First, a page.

by Paul Wright
As we enter PLN’s 33rd year ofpublishing, the most obvious thing about reporting on the American gulag all these years is how much it is really an ongoing story. Unlike fiction novels, movies or plays, which have a beginning, middle and end of the story, much of what we cover and report in Prison Legal News is very much an ongoing story with many chapters that play out for many years or even decades. In some cases, all that changes are the dates and some of the individual characters, almost like a movie sequel: similar plot even if there are some minor differences among the cast.
This month’s cover story on snitches and corruption in the Orange County jails in California is no exception. We first started reporting on it exactly 14 years ago in the February 2009 issue of PLN. We have had updates and new chapters along the way since then, including now-Vice President Kamala Harris’ (D) imploding “investigation” into snitches at the Orange County jails when she was the attorney general for California.
Not much has changed in this time period. Some new snitches arrived, some sheriff’s staff and prosecutors got promoted or retired, with new ones hired, but it remained business as usual in terms of using informants to convict defendants who may be factually innocent of the charges against them, or for whom the state at least had minimal evidence of guilt.
What is interesting about the Orange County snitch scandal, besides the fact that it has even become a public scandal thanks to the hard work of many criminal defense attorneys and others in Orange County, is how rare and exceptional it is for a scandal to happen at all. Sadly, Orange County is not the only jurisdiction to use informants to frame and entrap the innocent and guilty alike. It is truly a national phenomenon, yet one that only rarely makes the news. Neighboring Los Angeles County has long been synonymous with jailhouse snitches, yet rarely makes the news, at least not since 60 Minutes ran a story decades ago on snitch extraordinaire Leslie Vernon White, who fabricated confessions by other prisoners to escape punishment for his own crimes and misdeeds.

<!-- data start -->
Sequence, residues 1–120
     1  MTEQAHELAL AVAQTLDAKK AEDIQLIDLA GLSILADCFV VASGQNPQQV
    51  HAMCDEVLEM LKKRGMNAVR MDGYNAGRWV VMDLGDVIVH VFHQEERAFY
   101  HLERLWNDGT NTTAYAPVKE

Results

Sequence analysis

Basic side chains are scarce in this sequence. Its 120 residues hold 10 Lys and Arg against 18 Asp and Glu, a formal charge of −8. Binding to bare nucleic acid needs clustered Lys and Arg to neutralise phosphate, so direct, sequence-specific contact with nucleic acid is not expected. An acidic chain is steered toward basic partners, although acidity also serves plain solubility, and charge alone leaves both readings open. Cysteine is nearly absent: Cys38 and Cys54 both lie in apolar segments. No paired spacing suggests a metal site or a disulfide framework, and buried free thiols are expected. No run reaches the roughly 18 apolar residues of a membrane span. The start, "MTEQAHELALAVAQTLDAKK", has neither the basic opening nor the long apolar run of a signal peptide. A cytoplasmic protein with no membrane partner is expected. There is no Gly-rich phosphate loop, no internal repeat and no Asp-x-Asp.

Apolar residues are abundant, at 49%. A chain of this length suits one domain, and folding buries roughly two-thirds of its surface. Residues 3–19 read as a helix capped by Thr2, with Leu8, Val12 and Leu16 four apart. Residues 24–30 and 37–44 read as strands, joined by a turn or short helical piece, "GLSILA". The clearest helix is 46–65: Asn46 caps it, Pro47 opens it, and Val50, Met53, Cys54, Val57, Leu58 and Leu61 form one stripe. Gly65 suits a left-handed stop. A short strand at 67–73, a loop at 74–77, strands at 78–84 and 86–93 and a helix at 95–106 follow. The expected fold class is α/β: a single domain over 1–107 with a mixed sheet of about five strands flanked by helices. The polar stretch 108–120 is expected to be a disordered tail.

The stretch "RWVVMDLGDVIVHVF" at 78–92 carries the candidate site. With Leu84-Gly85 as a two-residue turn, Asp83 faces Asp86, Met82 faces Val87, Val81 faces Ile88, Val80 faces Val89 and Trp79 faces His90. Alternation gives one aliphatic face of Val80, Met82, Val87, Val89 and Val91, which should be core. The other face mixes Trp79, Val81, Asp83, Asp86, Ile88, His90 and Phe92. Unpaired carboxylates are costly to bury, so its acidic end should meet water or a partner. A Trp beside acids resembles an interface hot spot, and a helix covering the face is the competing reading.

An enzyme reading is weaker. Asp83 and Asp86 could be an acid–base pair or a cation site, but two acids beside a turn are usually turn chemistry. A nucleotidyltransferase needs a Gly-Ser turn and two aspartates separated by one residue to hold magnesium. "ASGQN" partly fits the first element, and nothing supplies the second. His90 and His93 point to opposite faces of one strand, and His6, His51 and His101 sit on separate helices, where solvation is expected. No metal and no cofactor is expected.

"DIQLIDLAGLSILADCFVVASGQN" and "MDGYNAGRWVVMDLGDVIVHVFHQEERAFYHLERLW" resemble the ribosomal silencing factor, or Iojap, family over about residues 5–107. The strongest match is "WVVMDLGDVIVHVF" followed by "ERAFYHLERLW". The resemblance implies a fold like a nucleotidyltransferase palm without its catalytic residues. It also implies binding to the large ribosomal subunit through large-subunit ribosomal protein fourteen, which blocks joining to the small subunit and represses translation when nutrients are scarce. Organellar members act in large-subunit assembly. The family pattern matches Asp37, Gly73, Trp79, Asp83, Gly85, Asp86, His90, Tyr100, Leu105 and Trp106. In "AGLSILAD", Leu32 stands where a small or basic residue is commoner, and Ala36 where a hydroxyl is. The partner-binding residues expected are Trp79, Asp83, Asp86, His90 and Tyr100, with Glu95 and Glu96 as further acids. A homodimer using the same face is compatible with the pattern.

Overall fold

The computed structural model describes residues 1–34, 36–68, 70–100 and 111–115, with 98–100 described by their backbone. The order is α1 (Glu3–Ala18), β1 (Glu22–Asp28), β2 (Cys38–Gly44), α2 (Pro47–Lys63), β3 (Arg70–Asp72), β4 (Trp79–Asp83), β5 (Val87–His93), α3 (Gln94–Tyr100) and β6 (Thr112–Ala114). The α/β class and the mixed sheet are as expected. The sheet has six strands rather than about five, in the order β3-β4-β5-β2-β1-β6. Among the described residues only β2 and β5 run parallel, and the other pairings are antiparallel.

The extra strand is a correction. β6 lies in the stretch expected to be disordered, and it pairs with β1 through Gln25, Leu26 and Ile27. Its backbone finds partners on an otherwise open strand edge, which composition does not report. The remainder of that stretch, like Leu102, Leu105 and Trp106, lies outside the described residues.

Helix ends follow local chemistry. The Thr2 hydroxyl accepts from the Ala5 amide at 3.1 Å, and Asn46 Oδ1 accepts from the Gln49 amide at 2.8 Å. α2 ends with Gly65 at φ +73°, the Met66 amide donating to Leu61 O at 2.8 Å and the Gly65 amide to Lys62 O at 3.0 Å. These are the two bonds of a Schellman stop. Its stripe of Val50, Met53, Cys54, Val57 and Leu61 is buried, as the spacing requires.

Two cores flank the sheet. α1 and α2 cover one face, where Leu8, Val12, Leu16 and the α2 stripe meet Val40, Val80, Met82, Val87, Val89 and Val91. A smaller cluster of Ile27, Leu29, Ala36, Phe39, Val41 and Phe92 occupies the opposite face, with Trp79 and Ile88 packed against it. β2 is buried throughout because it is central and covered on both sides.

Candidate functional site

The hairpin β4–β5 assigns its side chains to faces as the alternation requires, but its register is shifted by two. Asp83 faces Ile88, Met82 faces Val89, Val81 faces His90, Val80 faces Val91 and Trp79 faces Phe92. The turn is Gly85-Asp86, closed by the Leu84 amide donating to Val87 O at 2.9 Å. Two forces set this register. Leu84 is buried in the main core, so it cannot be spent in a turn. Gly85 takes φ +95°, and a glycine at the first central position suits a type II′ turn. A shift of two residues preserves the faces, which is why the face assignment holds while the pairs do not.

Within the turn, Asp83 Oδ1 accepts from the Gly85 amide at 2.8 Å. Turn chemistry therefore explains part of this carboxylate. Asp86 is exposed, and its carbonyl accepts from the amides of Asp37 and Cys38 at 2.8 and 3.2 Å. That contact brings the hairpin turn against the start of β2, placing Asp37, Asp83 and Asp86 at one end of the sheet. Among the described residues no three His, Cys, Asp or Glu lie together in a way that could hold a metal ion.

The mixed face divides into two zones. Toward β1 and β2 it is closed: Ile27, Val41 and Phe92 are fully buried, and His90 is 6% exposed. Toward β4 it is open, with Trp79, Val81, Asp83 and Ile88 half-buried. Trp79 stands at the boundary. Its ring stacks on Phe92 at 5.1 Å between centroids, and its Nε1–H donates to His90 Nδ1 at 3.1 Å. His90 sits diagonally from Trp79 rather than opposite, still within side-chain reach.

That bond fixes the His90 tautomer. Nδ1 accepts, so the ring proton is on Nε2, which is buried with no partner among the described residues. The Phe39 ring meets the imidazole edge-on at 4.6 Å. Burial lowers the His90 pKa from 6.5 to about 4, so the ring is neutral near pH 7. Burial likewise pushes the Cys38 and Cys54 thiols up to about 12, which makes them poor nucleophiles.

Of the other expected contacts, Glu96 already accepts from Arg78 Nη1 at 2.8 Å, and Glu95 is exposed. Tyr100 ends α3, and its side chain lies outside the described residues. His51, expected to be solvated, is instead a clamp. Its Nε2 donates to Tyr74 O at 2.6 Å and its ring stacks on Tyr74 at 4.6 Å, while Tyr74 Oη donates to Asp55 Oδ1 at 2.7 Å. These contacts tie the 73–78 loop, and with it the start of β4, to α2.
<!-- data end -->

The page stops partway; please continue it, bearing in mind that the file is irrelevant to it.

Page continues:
It is a sad commentary that so much “police work” in this country relies on informants to entrap people and fabricate evidence against them, using police misconduct to coerce confessions, conduct unlawful searches, suborn perjury and otherwise fabricate evidence. Then of course there are the prosecutors who use the snitches and police to secure shaky convictions and the judges who ratify them.
The recent news coverage of Brittney Griner, the American basketball player who was charged and convicted in Russia after being caught with drugs in her luggage when entering the Moscow airport, made much of the fact that Russian criminal courts claim a 98% conviction rate. I thought that was pretty low compared to American criminal courts. As it turns out, I was right, and America is indeed better than Russia when it comes to securing criminal convictions. In 2018, the Administrative Office of U.S. Courts recorded 79,704 defendants who were charged with a federal crime and of those, 320 went to trial and won an acquittal. Well below 1%.
Yet most American news media find nothing alarming about the rates of criminal convictions in American courts (nor the number of people arrested and convicted for smuggling drugs into the U.S. via airports). Nor do they ask how many Orange counties there are, with police and prosecutorial misconduct so embedded in the court system that a fair trial is impossible?
Sometime during the month of February, the Human Rights Defense Center will be relocating to a new office, as we have outgrown our current office. Hopefully it does not affect subscriptions or book orders, as the delays caused by moving should be minimal. Our mailing address and contact information will remain the same. The December issue of PLN was mailed later than usual because our long-time printer had staffing shortages causing delays after we sent the proofs for the magazine.
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